5. Patriot League playoffs, Holy Cross (32-20) at Army (39-12), Doubleday Field, best of three
Both teams are about as high quality as the Patriot League has seen recently. The Knights look to become the first 40-win program in the Patriot League, and the Crusaders won at Texas A&M this year.
-- Eric Sorenson
Vanderbilt (26-25, No. 38 RPI)
Pro: Vandy has played the eighth-toughest schedule in the country (according to Boyd Nation). The Commodores are on an uptick, winning their last three SEC series versus Kentucky and at Tennessee and at LSU. The committee has a recent history of rewarding .500-ish SEC teams with tough nonconference schedules.
Con: Conversely, the committee has shown no quarter to SEC teams with losing records in conference (recall LSU in 2011). Some of the Dores' early-season losses were pretty ugly. What they must do: By all means, don't lose the Ole Miss series. Achieving a winning mark in the SEC tournament may be too hard, and is not likely to happen anyway.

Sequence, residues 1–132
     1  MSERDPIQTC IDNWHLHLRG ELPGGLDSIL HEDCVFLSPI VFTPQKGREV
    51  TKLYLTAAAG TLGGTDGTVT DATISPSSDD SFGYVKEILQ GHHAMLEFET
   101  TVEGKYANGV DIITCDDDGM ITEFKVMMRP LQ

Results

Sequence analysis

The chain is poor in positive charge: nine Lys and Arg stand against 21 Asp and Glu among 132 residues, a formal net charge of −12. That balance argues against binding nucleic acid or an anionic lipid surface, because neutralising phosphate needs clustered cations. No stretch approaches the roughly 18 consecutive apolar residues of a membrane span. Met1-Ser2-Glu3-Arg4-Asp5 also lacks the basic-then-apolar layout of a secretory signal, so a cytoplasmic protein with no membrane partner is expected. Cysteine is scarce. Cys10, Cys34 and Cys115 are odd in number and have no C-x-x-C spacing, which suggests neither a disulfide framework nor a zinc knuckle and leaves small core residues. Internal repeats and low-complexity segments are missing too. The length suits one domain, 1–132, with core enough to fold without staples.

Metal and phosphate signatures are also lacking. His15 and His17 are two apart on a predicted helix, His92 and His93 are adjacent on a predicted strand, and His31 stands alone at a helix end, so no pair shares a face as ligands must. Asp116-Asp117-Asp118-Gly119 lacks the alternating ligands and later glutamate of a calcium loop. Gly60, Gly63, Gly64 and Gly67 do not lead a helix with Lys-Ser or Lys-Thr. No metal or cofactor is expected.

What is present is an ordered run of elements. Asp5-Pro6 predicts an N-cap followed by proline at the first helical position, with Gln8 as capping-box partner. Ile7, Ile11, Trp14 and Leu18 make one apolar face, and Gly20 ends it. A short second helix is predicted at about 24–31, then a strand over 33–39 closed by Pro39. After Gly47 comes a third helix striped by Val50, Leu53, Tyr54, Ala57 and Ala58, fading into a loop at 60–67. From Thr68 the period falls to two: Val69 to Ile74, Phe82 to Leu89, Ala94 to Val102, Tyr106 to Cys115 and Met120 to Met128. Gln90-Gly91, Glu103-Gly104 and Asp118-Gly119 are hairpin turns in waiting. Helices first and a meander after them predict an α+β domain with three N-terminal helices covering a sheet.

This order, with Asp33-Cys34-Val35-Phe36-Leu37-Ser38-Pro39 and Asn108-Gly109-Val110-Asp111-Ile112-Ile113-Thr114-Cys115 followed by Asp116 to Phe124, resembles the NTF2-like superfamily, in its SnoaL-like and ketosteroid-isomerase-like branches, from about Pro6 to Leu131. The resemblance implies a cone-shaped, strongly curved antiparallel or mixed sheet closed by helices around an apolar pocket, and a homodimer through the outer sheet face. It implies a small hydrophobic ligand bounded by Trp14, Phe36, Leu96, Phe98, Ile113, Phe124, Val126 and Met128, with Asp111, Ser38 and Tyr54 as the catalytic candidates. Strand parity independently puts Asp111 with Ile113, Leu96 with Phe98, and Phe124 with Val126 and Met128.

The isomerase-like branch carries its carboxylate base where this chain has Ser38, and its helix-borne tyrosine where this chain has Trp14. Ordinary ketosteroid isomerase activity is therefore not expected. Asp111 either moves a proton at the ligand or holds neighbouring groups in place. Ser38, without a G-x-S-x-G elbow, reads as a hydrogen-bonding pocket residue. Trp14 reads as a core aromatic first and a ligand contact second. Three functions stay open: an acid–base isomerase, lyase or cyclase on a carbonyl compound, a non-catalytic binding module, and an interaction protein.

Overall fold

Utah Valley (39-12, No. 67 RPI)
Pro: No one else comes close to Utah Valley's 32-game win streak. The team played in a weak conference but has dominated, going 24-0. If you want to compare losses, South Carolina lost to Francis Marion, Arizona lost to North Dakota State, Texas A&M lost to UT-Pan Am and Rice lost to Grambling. UVU's only "bad" loss was to Seattle.